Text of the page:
Veterinary acupuncture – nothing more than pseudoscientific animal cruelty

veterinary acupuncture

When I write about junk medicine and pseudoscience, I generally stick to human medicine. Recently, I wrote about the asinine people who refuse canine vaccinations, which led me to search for other alternative veterinary medicine that mirrored those for humans. That’s when I ran into veterinary acupuncture.

I’ll explain the evidence in more detail later in this article, but it needs to be stated right up front – acupuncture is a pseudoscience unsupported by any real scientific evidence. Acupuncture is generally supported by anecdotes, which are not data, and terrible clinical studies that, at best, show acupuncture to be nothing more than a placebo.

Given the lack of evidence supporting the efficacy of veterinary acupuncture, there’s only one way to describe the insertion of needles into your pets – it’s animal cruelty. It’s animal torture. It is not veterinary medicine.

If you want to believe that acupuncture works because you buy into the pseudoscience, go for it. Pay the charlatans pushing this nonsense because you trust in your beliefs rather than in science. It’s your choice.

But subjecting your pets to this travesty, who have no choice? Back to what I said before, it’s animal cruelty. Why would you do that to your favorite pet?

Like I said, let’s look at the pseudoscience behind veterinary acupuncture. Then put it in context of animal cruelty. Continue reading “Veterinary acupuncture – nothing more than pseudoscientific animal cruelty”

Acupuncture research – evidence is overwhelming that it is not medicine

acupuncture research

Recently, I read an article in the Medical Journal of Australia that lists “156 health care practices identified and flagged through the search platform as potentially unsafe, ineffective or inappropriate in certain circumstances (pdf).” They cover procedures from prostatectomies to arterial stenting that lack evidence to support their continued use in many circumstances. Unsurprisingly, the list examined acupuncture research and found it lacking – it’s not medicine.

I know, people will get all upset. They’ll throw out anecdotes, like people do with chiropractic, or cherry pick poorly designed studies to “prove” that acupuncture works. They’ll try to convince everyone who will listen that it’s some sort of racism of Western based “mainstream” medicine that dismisses acupuncture. Because if it worked for your cousin’s daughter’s hairdresser’s uncle, it must be real medicine.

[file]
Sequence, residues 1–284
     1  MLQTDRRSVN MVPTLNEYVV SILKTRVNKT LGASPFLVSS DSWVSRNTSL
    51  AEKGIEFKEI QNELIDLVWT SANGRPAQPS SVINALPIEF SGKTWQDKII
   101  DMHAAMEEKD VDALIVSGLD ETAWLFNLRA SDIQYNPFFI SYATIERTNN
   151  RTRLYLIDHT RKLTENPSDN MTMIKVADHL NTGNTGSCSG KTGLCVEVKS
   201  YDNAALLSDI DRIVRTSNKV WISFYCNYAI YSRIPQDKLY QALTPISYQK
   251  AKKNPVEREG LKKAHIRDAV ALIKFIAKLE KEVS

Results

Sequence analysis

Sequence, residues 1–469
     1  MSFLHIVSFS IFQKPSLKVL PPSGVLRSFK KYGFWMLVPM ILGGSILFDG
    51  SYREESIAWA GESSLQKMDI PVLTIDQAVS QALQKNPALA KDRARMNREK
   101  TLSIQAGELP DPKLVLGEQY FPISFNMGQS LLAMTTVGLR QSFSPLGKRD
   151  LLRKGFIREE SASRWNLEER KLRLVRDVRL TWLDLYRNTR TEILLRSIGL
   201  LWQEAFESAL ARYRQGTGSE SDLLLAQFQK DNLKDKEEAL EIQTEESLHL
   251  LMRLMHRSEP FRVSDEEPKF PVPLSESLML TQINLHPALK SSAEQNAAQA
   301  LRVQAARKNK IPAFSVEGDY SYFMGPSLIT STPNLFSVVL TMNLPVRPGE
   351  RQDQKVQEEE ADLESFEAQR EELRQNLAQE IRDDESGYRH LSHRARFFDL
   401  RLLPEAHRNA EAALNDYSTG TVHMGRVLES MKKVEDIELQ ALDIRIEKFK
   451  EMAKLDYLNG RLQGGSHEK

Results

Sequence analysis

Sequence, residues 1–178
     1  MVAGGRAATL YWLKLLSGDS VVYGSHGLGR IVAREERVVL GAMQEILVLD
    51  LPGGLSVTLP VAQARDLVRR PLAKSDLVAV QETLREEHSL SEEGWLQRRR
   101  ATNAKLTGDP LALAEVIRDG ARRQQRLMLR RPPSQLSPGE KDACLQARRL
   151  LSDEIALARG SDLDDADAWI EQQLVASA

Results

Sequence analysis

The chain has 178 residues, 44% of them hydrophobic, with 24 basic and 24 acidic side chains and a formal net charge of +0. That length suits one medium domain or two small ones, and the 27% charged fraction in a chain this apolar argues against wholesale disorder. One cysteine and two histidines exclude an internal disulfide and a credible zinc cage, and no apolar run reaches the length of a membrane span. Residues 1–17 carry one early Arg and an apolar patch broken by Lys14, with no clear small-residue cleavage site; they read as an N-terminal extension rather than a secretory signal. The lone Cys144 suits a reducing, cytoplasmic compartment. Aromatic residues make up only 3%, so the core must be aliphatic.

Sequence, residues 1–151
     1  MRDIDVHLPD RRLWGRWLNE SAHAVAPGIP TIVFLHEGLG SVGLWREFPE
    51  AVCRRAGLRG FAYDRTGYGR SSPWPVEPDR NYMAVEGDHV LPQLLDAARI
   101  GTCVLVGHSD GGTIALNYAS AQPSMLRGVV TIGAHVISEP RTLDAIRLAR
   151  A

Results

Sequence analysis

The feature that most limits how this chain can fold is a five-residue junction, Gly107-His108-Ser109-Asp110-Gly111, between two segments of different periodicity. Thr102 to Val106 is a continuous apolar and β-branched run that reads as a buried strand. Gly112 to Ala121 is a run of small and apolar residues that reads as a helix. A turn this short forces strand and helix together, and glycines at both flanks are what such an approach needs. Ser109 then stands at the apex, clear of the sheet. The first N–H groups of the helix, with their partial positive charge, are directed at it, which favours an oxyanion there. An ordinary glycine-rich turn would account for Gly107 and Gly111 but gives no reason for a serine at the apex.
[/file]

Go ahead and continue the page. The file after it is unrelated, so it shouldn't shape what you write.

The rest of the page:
However, the overwhelming opinion of evidence based medicine is that acupuncture does not work. In the article, “An industry of worthless acupuncture studies,” Steven Novella concludes,

There are now thousands of acupuncture studies looking at every indication you can imagine (which stretches credulity that there is any common underlying mechanism). We are well past the time for preliminary studies. Despite thousands of studies, there isn’t a single indication for which real acupuncture has been shown to work to a high degree of confidence. At this point I would say that acupuncture should be abandoned as a scientific concept. It is a failed hypothesis that has added no real knowledge to our understanding of health and disease.

If, however, you are going to spend the resources to do an acupuncture study, make sure it is rigorous enough to add new information, and isn’t just another preliminary study to throw on the pile and get another round of misleading headlines about how “acupuncture” works. Of course a cynical person might suspect that this is the real goal of these studies.

I’m not going to review all 150 plus medical procedures that fail to meet the standards of evidence based medicine. That would be a book! But let’s focus on what they say about acupuncture research. Spoiler alert – it doesn’t work. Continue reading “Acupuncture research – evidence is overwhelming that it is not medicine”

Using acupuncture to treat knee pain–no evidence

hellraiser-acupunctureLet’s start right from the beginning–there is no evidence that acupuncture has any significant clinical benefit for any condition. And because there is a small, but significant, risk associated with the acupuncture, the risk to benefit ratio is huge (if not infinity, since there is no benefit). There is simply no reason to accept, even a small risk, if there is no benefit to a procedure.

Just in case you don’t accept my words about acupuncture, Steven Novella, MD, of the Science Based Medicine blog, clarifies why acupuncture does not work:

Clinical research can never prove that an intervention has an effect size of zero. Rather, clinical research assumes the null hypothesis, that the treatment does not work, and the burden of proof lies with demonstrating adequate evidence to reject the null hypothesis. So, when being technical, researchers will conclude that a negative study “fails to reject the null hypothesis.”

Further, negative studies do not demonstrate an effect size of zero, but rather that any possible effect is likely to be smaller than the power of existing research to detect. The greater the number and power of such studies, however, the closer this remaining possible effect size gets to zero. At some point the remaining possible effect becomes clinically insignificant.

In other words, clinical research may not be able to detect the difference between zero effect and a tiny effect, but at some point it becomes irrelevant. Continue reading “Using acupuncture to treat knee pain–no evidence”